At a press conference with his Brazilian counterpart, Dilma Rousseff, Obama did not back Brazil’s bid for a permanent seat on the U.N. Security Council (UNSC). He did express “appreciation” for the bid and backed a reform of the UNSC in a joint statement with Brazilian officials. As part of the reform both governments called for a “modest expansion” of the UNSC.
In her remarks, Rousseff emphasized that reforming the UNSC would help in “the construction of a more multilateral world that will bring peace and harmony for all people.” Yet she seemed to be disappointed that Obama did not endorse Brazil’s campaign for a UNSC permanent seat. Rousseff underlined that her country’s bid was not “a minor interest of bureaucratic occupation of spaces” but would instead make it easier for the UNSC to reach peaceful resolutions.
It could be possible that Obama’s decision was affected by Brazil abstaining from backing the UNSC’s resolution authorizing the use of force on Libya. As Brookings Institution fellow Kevin Casas-Zamora noted, the president’s move may’ve had to more to do with preventing diplomatic problems between the U.S. and Mexico. In addition:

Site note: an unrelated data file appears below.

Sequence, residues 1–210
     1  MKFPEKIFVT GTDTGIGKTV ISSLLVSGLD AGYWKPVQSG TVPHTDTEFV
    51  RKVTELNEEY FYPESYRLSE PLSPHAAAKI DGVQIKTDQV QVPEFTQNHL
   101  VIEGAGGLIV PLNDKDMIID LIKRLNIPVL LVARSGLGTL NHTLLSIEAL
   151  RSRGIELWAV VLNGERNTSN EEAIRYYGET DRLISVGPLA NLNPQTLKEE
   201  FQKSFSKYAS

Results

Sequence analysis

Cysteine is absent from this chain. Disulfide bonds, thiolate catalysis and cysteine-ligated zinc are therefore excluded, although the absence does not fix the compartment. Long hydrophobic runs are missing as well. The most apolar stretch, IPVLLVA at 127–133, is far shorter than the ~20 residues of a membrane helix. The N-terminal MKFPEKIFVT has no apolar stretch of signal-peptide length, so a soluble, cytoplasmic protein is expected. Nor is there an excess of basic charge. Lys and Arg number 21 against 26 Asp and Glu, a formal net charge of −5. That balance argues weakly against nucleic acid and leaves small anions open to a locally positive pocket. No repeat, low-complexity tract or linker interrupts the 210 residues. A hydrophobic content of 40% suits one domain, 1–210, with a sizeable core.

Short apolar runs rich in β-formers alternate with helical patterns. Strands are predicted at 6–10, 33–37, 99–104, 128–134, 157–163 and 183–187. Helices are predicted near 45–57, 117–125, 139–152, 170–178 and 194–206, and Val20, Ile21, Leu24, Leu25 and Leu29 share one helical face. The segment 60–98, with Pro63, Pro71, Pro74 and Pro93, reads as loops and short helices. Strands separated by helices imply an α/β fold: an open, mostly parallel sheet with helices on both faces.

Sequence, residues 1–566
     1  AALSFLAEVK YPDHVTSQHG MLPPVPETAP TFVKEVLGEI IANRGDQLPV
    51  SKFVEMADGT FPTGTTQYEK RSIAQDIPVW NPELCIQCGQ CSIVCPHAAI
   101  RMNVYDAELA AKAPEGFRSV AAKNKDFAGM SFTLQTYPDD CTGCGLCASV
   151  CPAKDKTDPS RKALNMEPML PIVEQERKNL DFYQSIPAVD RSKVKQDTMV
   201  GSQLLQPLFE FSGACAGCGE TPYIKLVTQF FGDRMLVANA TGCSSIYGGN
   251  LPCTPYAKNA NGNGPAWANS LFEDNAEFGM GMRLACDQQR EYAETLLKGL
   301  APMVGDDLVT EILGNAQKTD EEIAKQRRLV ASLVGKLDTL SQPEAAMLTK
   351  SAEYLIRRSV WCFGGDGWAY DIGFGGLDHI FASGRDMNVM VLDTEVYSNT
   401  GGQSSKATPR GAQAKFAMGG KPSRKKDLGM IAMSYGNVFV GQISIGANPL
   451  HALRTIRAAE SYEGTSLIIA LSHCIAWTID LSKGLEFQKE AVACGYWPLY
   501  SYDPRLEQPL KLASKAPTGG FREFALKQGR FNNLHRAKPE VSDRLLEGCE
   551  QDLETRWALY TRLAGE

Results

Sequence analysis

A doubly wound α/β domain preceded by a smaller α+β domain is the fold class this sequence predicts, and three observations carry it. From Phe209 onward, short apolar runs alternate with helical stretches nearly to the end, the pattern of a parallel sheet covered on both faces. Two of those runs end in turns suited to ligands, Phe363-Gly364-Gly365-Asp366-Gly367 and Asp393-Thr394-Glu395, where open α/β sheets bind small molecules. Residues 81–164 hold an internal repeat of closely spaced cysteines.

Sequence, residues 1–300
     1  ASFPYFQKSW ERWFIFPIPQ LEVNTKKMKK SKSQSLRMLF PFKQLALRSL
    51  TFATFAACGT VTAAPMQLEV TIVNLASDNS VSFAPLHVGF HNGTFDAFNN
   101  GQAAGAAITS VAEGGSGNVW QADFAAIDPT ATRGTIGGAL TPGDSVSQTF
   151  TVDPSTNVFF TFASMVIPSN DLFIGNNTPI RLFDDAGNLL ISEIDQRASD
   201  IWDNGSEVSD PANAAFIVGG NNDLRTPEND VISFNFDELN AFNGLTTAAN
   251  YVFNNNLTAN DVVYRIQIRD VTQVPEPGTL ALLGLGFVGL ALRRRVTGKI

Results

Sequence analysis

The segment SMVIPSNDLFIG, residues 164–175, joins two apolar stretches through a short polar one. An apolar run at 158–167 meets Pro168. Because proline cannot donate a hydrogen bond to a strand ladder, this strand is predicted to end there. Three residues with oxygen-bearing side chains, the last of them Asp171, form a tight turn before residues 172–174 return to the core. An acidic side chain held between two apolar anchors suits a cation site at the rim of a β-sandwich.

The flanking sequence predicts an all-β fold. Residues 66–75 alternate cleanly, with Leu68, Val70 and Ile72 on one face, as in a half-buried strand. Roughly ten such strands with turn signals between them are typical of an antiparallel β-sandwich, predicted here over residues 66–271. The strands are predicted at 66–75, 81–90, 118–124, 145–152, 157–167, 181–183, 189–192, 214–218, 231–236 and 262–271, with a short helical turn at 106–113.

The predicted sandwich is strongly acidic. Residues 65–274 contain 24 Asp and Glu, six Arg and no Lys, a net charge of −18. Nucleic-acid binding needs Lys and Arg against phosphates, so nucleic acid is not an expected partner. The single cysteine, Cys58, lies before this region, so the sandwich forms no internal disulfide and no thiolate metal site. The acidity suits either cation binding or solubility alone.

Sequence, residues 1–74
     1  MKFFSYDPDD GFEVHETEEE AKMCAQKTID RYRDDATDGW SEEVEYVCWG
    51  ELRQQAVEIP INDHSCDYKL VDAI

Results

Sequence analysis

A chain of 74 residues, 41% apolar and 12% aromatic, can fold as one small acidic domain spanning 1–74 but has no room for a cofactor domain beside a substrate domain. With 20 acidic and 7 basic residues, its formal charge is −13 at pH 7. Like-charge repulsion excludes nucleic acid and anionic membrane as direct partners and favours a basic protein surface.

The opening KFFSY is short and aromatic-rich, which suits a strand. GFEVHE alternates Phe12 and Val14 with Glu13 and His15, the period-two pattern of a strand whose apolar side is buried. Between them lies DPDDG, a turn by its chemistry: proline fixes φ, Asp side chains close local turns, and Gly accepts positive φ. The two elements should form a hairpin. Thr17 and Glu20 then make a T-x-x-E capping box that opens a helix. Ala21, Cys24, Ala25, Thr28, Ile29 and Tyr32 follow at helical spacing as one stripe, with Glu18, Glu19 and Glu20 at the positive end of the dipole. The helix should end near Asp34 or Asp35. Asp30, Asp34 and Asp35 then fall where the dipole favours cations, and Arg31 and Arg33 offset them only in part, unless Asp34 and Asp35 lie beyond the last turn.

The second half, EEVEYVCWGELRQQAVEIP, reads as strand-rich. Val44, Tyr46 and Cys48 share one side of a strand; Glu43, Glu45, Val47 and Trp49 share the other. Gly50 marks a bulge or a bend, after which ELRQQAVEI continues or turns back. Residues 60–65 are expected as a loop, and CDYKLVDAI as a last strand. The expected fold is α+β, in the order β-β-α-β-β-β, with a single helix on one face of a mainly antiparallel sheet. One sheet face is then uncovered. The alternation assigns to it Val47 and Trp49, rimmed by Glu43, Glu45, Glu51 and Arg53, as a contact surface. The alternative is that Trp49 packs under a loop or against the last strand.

While Mexico has no hope whatsoever of landing a Security Council seat for itself, it nonetheless stands a fairly good chance of bringing most of Latin America around the conclusion that the current arrangement, whereby the region permanently has two rotating seats at the table, suits everybody just fine.The primary goal of Obama’s visit to Brazil is to strengthen economic ties between both nations. "The goal today is ... essentially to make sure that we work to facilitate an effective dialogue," Obama said at a meeting with Brazilian CEOs.
Obama and Rousseff signed a number of trade and energy pacts including one key agreement for the U.S. to become "a strategic energy partner" to Brazil. Though Brazil has placed a greater emphasis on biofuels the South American country could become a major oil exporter with the development of several major offshore oil fields.
Image- AP/Pablo Martinez Monsivais via Salon.com (“U.S. President Barack Obama, left, with Brazilian President Dilma Vana Rousseff, right, during their joint news conference in Brasilia, Brazil, Saturday.”)
Online Sources- NASDAQ, BBC News, Folha.com, Toronto Sun, Council on Foreign Relations, USA TODAY, Reuters, Brookings Institution, The Guardian